Growing up in an atmosphere that encourages a positive relationship with reading is so important for children. There are pretty much endless benefits for a child who reads often, from heightened creativity to better performance in school to better literacy. The more books, the better!
But not all children grow up loving to read, and as technology becomes more accessible to younger ages, many children are losing a previous love of the hobby by the time they enter middle school. The best way to counteract this is to foster a love of reading in your children from a very young age. Instead of making reading a chore to be completed, present it as something fun and rewarding. Here are a few ways to do just that.
Read Aloud To Them Often
We hear it all the time – read to your children. But the benefits go further than quality family time (although that is nothing to sneeze at). Reading out loud to your children has the potential to create an extremely positive relationship with books and stories and will encourage them to continue the activity on their own when they are old enough. Make sure you stay positive and patient when you read – if it feels like a chore to you, it will come across as a chore to them. Use this time to ignite a wonder of storytelling that will carry over in years to come.
Let Them Get Involved in the Reading Process
When was the last time you were excited about doing something that someone else told you to do? Required tasks aren’t usually very fun. While you should encourage your child to read (and that encouragement may come in the form of “you need to finish this book by the end of the week”) the process will be much more enjoyable for them if they feel involved. Set up a summer reading schedule and let them choose which books they read. When you’re reading aloud to them at night, let them read the lines of their favorite character. This will help promote the idea that they are choosing to read and they will be much more excited about it.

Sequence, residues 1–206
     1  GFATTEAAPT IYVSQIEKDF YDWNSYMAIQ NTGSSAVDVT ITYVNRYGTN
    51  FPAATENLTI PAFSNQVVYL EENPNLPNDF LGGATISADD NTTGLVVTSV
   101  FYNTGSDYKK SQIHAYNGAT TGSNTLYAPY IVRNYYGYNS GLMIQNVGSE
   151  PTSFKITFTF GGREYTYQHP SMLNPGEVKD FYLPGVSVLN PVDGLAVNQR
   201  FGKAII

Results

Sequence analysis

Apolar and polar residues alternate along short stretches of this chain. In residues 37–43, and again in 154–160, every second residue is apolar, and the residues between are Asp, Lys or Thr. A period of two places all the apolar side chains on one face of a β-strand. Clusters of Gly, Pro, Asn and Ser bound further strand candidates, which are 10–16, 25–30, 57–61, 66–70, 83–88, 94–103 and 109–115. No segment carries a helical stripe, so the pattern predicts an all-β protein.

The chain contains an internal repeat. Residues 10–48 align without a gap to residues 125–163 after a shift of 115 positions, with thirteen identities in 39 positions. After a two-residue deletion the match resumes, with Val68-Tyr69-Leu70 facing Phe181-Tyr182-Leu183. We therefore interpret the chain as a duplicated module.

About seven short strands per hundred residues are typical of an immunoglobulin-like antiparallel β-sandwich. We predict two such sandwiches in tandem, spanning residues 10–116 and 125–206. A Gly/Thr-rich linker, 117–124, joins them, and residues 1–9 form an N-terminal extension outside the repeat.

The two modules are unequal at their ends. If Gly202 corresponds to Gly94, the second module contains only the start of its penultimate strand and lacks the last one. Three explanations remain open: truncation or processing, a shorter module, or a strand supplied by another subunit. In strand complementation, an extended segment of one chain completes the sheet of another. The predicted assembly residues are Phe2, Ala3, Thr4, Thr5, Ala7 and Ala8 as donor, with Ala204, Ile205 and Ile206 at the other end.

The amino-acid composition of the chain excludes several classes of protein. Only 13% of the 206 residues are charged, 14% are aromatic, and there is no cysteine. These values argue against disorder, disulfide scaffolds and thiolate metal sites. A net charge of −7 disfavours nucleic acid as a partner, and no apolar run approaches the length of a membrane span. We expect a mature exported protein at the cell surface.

Pick Books with Movie Adaptations
This doesn’t need to apply to every book you read, but add some books to your reading list (whether you are reading the story aloud or your child is reading it themself) that has a movie adaptation. Watch the trailer together and make a commitment to watch the movie together as a family when your child has finished the book. They’ll be motivated to read and pay extra attention to the story as they prepare to watch the movie. Plus you’ll get even more family time together. Bring out the popcorn and blankets!
Talk to Them About Their Favorite Authors and Books
Children soak up everything you do and say as a parent. If they tell you about the story they’re reading and you don’t seem interested, they’ll probably lose interest as well. Ask them about the chapter they just read or their favorite author. Your approval and interest will go a long way in fostering a love a reading.
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